[
edit
 
] Phenomenal and access consciousness
Phenomenal consciousness (P-consciousness) is simply experience; it is moving, colored forms, sounds, sensations, emotions andfeelings with our bodies and responses at the center. These experiences, considered independently of any impact on behavior, arecalled
q
ualia
. The
hard problem of consciousness
, formulated byDavid Chalmersin 1996, deals with the issue of "how to explain astate of phenomenal consciousness in terms of its neurological basis".
[14]
 
 Access consciousness
(A-consciousness) is the phenomenon whereby information in our minds is accessible for verbal report,reasoning, and the control of behavior. So, when we perceive, information about what we perceive is often access conscious; when weintrospect, information about our thoughts is access conscious; when weremember , information about the past (e.g., something that welearned) is often access conscious, and so on. Chalmers thinks that access consciousness is less mysterious than phenomenalconsciousness, so that it is held to pose one of the
easy problems
of consciousness.Daniel Dennettdenies that there is a "hard problem", asserting that the totality of consciousness can be understood in terms of impact on behavior, as studied throughheterophenomenology. There have been numerous approaches to the processes that act on conscious experience from instant toinstant. Dennett suggests that what people think of as phenomenal consciousness, such as
q
ualia
, are judgments and consequent behavior.
[
citation needed 
 
]
He extends this analysis by arguing that phenomenal consciousness can be explained in terms of accessconsciousness, denying the existence of 
q
ualia
, hence denying the existence of a "hard problem."
[
citation needed 
]
Chalmers, on the other hand, argues that Dennett's explanatory processes merely address aspects of the easy problem. Eccles and others have pointed out thedifficulty of explaining the evolution of 
q
ualia
, or of 'minds' which experience them, given that all the processes governing evolutionare physical and so have no direct access to them. There is no guarantee that all people have minds, nor any way to verify whether onedoes or does not possess one.Events that occur in the mind or brain that are not within phenomenal or access consciousness are known as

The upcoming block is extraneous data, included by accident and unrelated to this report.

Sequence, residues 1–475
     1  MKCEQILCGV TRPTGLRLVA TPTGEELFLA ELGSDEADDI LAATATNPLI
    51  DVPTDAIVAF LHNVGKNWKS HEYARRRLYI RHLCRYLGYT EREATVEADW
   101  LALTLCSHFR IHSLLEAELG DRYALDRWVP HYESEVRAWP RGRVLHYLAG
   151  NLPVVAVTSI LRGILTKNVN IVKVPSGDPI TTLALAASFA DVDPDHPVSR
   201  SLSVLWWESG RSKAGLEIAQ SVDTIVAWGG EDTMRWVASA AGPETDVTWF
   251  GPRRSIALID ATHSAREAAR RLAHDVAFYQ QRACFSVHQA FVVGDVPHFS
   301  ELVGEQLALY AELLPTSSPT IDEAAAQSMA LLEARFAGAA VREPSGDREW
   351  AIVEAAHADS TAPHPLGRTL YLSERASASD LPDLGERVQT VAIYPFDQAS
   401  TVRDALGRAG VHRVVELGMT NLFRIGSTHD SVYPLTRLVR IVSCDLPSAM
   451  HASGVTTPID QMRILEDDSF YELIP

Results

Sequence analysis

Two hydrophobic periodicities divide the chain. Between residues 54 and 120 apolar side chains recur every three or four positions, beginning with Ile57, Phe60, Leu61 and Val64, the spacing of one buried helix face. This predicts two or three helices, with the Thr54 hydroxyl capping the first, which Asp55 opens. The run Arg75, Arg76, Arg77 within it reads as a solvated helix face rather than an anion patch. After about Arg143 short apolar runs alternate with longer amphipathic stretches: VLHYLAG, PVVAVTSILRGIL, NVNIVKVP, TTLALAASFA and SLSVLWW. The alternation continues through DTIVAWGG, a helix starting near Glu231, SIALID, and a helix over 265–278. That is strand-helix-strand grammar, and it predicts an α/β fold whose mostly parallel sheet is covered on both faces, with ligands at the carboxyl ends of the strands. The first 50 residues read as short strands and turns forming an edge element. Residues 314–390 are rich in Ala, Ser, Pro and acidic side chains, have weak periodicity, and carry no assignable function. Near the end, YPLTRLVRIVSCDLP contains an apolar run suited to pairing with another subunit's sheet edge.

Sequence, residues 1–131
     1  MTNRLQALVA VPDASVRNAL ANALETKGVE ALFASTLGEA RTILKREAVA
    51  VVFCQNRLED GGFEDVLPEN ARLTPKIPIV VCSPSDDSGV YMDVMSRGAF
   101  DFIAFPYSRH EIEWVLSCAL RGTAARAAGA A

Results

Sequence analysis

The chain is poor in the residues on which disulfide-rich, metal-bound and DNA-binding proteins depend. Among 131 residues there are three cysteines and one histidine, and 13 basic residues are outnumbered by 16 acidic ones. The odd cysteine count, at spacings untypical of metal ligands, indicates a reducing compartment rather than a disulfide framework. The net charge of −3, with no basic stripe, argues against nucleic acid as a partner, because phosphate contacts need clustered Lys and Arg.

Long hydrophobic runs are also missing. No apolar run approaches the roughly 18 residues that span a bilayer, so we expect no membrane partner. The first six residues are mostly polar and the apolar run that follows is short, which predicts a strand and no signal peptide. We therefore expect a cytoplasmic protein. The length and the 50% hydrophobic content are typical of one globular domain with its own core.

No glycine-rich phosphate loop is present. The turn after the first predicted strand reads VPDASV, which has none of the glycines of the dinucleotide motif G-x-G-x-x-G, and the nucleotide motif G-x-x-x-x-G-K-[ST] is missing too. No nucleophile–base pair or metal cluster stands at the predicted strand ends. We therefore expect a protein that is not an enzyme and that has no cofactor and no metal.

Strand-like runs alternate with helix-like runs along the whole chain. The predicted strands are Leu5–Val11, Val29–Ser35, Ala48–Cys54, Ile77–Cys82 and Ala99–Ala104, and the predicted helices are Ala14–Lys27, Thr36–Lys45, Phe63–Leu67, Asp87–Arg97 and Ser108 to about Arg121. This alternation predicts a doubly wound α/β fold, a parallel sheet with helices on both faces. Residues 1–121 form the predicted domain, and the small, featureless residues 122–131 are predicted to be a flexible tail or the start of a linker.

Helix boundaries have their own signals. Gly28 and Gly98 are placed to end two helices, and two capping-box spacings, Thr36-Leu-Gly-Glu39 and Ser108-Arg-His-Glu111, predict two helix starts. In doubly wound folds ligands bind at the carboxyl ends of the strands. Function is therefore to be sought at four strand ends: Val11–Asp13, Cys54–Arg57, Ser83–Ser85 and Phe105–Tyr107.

subconscious
events.
[
edit] The description and location of phenomenal consciousness
For centuries, philosophers have investigated phenomenal consciousness.René Descartes, who coined the famous dictum 'cogito ergo sum', wrote
 M 
editations on First Philosophy
in the seventeenth century. According to Descartes, all thought is conscious. Consciousexperience, according to Descartes, included such ideas asimaginingsand perceptionslaid out inspaceandtimethat are viewed from a point, and appearing as a result of some quality (qualia) such as color, smell, and so on. (Modern readers are often confused by thisDescartes' notion of interchangeability between the terms 'idea' and 'imaginings.')Descartes defines
ideas
as extended things, as in this excerpt from his
Treatise on
 M 
an
: Now among these figures, it is not those imprinted on the external sense organs, or on the internal surface of the brain, which should be taken to be ideas - but only those which are traced in the spirits on the surface of gland H[where the seat of the imagination and the 'common sense' is located]. That is to say, it is only the latter figureswhich should be taken to be the forms or images which the rational soul united to this machine will consider directlywhen it imagines some object or perceives it by the senses.Thus Descartes does not identify mental ideas or 'qualia' with activity within the sense organs, or even with brain activity, but rather with the "forms or images" that unite the body and the 'rational soul', through the mediating 'gland H'. Thisorganis now known as the pineal gland. Descartes notes that, anatomically, while thehuman brainconsists of two symmetrical hemispheres the pineal gland, which lies close to the brain's centre, appears to be singular. Thus he extrapolated from this that it was the mediator between body andsoul.Philosophical responses, including those of  Nicolas Malebranche,Thomas Reid,John Locke,David HumeandImmanuel Kant, were varied. Malebranche, for example, agreed with Descartes that the human being was composed of two elements, body and mind, andthat conscious experience resided in the latter. He did, however, disagree with Descartes as to the ease with which we might becomeaware of our mental constitution, stating 'I am not my own light unto myself'. David Hume and Immanuel Kant also differ fromDescartes, in that they avoid mentioning a place from which experience is viewed (see "Further reading" below); certainly, few if anymodern philosophers have identified the pineal gland as the seat of dualist interaction.The extension of things in time was considered in more detail by Kant and James. Kant wrote that "only on the presupposition of timecan we represent to ourselves a number of things as existing at one and the same time [simultaneously] or at different times[successively]."William Jamesstressed the extension of experience in time and said that time is "the short duration of which we areimmediately and incessantly sensible."